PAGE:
PestEx TechnicalWednesday 20 March 2019FreeInsect control

Bed bugs – new findings on how to detect an unwanted sleeping partner

Bed bugs are rated as the most difficult pest to get rid of by professional pest controllers. Bed bugs usually only leave their concealed, safe harbourages during feeding. This cryptic way of living in combination with a lack of an immediate bite reaction in many human hosts makes early detection difficult.

13.00 - 13.45

Within 10 weeks under optimal conditions, a bed bug population founded by a single mated female may go from linear to exponential growth. Thus, it is of utmost importance to detect an infestation as early as possible.

Dr Jette

SPEAKER: Dr Jette Knudsen, Nattaro Labs, Sweden

Dr Knudsen’s knowledge about bed bug biology and behaviour together with many years’ of research in chemical ecology have led to new possibilities to detect bed bugs. By using a lure that mimics the scent of a bed bug harbourage it is possible to attract females and males as well as all stages of bed bug nymphs.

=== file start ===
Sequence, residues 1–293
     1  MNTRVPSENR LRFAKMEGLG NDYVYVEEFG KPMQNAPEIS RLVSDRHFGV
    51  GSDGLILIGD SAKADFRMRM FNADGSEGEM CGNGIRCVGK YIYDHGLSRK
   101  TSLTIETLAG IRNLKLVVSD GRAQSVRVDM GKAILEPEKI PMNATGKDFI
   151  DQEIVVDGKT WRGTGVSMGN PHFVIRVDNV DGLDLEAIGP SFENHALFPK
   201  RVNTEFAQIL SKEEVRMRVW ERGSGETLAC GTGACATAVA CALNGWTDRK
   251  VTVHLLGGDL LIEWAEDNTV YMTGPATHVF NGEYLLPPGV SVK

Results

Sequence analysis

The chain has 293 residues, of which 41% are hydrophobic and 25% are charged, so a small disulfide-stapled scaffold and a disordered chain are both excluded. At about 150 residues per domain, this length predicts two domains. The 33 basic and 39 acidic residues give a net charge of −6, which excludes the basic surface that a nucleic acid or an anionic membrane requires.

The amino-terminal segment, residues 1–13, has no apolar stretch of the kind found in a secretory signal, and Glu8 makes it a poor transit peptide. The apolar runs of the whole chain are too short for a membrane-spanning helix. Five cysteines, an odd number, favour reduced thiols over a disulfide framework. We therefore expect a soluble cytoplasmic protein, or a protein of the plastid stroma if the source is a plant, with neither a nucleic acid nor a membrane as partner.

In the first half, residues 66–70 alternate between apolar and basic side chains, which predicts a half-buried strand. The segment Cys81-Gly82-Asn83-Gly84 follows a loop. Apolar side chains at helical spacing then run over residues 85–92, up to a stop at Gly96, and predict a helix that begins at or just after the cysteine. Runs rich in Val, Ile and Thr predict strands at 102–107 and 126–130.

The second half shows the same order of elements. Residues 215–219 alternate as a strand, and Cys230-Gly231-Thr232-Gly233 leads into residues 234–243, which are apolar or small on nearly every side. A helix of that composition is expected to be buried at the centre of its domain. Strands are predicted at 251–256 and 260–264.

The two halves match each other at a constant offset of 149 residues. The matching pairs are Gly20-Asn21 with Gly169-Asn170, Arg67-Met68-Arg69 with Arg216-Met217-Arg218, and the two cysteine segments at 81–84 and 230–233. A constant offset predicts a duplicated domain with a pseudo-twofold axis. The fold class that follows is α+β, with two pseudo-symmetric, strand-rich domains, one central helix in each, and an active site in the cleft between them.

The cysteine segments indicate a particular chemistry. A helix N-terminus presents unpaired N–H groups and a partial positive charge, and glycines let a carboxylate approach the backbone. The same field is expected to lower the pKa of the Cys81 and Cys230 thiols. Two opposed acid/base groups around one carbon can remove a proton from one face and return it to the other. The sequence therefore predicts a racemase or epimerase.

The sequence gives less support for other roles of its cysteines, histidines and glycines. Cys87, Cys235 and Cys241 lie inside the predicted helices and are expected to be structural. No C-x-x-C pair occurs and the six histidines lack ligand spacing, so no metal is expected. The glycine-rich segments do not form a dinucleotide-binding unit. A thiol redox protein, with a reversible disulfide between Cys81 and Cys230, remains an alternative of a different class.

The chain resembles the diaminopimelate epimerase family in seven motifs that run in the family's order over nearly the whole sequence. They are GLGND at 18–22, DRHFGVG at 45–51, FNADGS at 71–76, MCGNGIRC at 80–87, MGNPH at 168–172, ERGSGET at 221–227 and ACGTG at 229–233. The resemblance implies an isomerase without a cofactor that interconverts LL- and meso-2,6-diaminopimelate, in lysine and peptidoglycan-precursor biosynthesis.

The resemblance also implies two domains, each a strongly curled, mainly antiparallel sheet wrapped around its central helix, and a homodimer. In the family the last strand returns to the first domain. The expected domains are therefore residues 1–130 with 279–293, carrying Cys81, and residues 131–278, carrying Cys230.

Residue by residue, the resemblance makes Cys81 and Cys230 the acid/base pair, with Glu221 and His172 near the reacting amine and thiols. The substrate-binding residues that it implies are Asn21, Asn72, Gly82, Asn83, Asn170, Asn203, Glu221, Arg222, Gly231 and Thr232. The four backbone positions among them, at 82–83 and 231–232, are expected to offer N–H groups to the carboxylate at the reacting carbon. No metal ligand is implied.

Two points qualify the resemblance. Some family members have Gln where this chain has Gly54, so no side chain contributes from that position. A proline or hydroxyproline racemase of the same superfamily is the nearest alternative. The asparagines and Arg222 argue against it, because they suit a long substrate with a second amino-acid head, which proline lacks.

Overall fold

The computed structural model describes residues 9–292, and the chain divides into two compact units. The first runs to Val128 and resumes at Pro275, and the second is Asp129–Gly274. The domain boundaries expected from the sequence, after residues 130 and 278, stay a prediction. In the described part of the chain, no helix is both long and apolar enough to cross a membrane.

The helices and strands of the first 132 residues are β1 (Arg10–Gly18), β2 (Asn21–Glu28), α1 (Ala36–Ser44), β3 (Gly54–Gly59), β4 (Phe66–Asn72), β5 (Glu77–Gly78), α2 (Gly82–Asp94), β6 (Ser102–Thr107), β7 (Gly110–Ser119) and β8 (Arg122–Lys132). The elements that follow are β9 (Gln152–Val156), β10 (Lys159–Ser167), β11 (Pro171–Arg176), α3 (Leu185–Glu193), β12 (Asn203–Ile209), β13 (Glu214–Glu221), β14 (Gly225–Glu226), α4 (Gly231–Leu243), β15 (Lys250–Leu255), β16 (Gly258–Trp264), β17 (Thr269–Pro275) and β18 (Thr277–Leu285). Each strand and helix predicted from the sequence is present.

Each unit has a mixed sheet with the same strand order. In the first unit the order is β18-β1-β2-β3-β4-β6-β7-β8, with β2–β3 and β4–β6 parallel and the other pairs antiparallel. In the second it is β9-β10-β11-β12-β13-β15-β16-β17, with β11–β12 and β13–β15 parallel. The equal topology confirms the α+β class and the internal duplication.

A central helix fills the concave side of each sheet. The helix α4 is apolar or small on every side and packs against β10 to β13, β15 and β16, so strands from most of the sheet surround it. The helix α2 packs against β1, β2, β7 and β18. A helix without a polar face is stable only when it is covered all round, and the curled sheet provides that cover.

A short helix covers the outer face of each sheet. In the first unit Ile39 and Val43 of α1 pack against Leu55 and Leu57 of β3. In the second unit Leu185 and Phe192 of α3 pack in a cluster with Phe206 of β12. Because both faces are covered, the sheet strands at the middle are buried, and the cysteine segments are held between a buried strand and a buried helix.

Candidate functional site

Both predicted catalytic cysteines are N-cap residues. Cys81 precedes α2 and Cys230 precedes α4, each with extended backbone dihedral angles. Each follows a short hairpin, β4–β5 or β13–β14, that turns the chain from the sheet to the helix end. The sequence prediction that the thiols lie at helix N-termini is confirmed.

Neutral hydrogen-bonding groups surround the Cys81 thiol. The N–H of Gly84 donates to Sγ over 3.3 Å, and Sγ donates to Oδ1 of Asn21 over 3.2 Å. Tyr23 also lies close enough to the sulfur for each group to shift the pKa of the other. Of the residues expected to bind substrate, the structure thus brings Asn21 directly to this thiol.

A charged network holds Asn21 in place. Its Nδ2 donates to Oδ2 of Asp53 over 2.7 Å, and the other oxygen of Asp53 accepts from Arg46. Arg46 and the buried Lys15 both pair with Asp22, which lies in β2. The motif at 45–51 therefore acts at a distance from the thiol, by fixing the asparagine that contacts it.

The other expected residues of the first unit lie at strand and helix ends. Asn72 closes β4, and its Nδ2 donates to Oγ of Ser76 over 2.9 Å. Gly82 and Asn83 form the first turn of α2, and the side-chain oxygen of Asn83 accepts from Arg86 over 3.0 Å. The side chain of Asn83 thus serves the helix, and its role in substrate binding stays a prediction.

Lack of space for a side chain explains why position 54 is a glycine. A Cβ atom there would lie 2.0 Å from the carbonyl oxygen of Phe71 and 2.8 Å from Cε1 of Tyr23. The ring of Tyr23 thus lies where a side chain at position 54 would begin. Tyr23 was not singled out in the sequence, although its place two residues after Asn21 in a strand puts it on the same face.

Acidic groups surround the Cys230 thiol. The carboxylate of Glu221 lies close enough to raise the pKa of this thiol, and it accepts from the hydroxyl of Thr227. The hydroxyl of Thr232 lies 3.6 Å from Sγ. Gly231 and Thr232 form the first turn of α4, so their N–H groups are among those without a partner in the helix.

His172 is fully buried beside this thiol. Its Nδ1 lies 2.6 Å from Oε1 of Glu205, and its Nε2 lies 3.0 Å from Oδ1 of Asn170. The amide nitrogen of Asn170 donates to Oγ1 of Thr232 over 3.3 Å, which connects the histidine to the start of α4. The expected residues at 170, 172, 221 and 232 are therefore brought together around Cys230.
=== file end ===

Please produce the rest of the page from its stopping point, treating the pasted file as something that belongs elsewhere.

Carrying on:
After earning her PhD she worked as a researcher at the Danish Environmental Research Institute (1993-1995), followed by a postdoc at Aarhus University, positioned in Ecuador (1996-1997). After that, she served as associate professor in chemical ecology at Gothenburg University (1998-2003) and then continued her work in the Pheromone group, Lund University, Sweden (2005-2012).

Her interest in the chemical ecology of bed bugs was raised during fieldwork in Kenya in 2006. Since 2013 she has worked with the biology and chemical ecology of bed bugs at Nattaro Labs, Sweden.

This seminar is free for anyone attending PestEx

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